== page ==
Implications of the Doha Declaration on the Trips Agreement and Public Health - Health Economics and Drugs Series No. 012
(2002; 56 pages) [French] [Spanish] View the PDF document
Table of Contents
View the documentForeword
View the documentAcknowledgements
View the documentAbbreviations and acronyms
View the documentExecutive summary
View the documentIntroduction
View the documentScope
View the documentThe role of TRIPS and IPRs
Open this folder and view contentsPublic health measures
Open this folder and view contentsFlexibility in TRIPS
Close this folderMembers with insufficient or no manufacturing capacities
View the documentAddressed problem
Open this folder and view contentsPossible approaches
View the documentSafeguards
View the documentCompulsory licence in the importing country
View the documentEconomic feasibility
View the documentLegal implementation
View the documentTransfer of technology to LDCs
View the documentExtension of transitional period for LDCs
View the documentSpecial treatment under TRIPS
View the documentLegal status of the Doha Declaration
View the documentIssues not covered in the Declaration
View the documentConclusions
View the documentAnnex 1 - Doha Declaration on the TRIPS Agreement and Public Health
View the documentAnnex 2 - Levels of development of pharmaceutical industry, by country
View the documentReferences
 

Compulsory licence in the importing country

In order to import a patented product, the country in need may apply the international exhaustion principle and allow parallel imports or grant a compulsory licence either to import or to manufacture the protected product. The understanding given by the Members to paragraph 6 in some of the proposals mentioned above, clearly implies that a compulsory licence can be satisfied by imports, and not only by local production101.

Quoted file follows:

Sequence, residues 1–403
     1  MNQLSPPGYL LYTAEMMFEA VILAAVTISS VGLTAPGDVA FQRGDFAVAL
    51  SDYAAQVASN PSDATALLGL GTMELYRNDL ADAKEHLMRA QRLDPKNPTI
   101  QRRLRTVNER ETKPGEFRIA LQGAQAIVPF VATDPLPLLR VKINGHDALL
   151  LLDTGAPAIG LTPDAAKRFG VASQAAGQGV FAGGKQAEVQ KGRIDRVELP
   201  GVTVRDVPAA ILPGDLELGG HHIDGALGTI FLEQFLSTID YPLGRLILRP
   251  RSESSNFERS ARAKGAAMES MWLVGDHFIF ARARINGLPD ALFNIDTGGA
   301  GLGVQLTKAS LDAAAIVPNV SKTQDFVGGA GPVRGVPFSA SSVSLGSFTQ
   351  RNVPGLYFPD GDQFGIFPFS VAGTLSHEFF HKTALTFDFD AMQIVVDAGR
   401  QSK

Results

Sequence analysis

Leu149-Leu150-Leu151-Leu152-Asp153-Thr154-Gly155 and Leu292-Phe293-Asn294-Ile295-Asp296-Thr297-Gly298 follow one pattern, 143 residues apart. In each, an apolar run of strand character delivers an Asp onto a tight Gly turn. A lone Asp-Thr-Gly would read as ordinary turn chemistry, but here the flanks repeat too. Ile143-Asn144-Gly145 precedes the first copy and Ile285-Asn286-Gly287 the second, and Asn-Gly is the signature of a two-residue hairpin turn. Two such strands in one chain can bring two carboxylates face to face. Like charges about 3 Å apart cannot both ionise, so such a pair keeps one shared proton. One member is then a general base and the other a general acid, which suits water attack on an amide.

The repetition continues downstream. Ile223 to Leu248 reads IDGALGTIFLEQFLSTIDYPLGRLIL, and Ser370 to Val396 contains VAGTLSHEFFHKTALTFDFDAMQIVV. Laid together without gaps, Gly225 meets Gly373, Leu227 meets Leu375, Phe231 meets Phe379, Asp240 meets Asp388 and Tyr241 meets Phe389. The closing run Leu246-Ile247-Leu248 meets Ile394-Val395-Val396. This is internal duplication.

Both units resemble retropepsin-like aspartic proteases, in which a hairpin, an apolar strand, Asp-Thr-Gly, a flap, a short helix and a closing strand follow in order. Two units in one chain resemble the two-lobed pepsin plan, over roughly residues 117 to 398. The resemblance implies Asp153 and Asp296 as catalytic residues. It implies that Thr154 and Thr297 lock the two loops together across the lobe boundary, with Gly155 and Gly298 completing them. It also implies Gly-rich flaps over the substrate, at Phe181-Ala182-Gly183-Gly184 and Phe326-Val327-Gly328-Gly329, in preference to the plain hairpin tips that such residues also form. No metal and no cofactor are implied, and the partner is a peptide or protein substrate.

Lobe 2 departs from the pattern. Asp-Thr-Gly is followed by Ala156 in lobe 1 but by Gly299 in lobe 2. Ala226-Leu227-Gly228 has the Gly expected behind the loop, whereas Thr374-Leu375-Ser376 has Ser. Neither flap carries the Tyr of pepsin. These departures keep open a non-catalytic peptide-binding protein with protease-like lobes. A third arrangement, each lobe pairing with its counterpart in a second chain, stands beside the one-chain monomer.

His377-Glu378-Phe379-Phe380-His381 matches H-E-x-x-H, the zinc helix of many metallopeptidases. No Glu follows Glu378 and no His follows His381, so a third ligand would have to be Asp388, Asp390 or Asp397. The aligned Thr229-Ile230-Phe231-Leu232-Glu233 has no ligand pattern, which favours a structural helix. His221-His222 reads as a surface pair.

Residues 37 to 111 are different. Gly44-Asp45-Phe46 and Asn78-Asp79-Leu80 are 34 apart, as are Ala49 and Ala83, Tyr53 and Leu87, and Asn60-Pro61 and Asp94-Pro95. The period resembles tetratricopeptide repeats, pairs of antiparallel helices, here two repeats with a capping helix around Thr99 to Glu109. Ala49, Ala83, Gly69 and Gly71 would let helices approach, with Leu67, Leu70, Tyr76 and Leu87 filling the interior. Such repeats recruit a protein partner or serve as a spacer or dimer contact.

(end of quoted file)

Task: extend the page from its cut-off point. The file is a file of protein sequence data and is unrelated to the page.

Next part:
101 Some national laws require, however, the compulsory licencee to locally produce the invention. Unless amended, such legislation can make illusory a solution under paragraph 6 based on either Article 31 (f) or Article 30, since in both cases the assumption is that the compulsory licencee is able to import in order to execute his licence.

A review of the patent laws of seventy developing countries and LDCs (Table 2) indicates that the majority provide for compulsory licences in case of failure to exploit or to do it on reasonable terms - in line with Article 5A of the Paris Convention - while only 13 provide for grounds relating to public interest and/or national emergency or health emergency.

Table 2

Grounds for compulsory licences in developing countries and LDCs

Grounds for granting compulsory licences

Countries providing such grounds

Total

Failure to exploit or exploit on reasonable terms

16 + OAPI

32

Public interest

8 + Andean

13

National emergency or health emergency

8 + Andean

13

Remedy anti-competitive practices, unfair competition

6 + Andean

11

Failure to obtain licence under reasonable terms

4

4

Failure to work domestically

2

2

No apparent provisions

2

2

Source: Thorpe, 2002.

Though more detailed research on national laws is required, this information suggests that in order to make operative any solution under paragraph 6, many developing countries and LDCs would need to amend their national patent laws.

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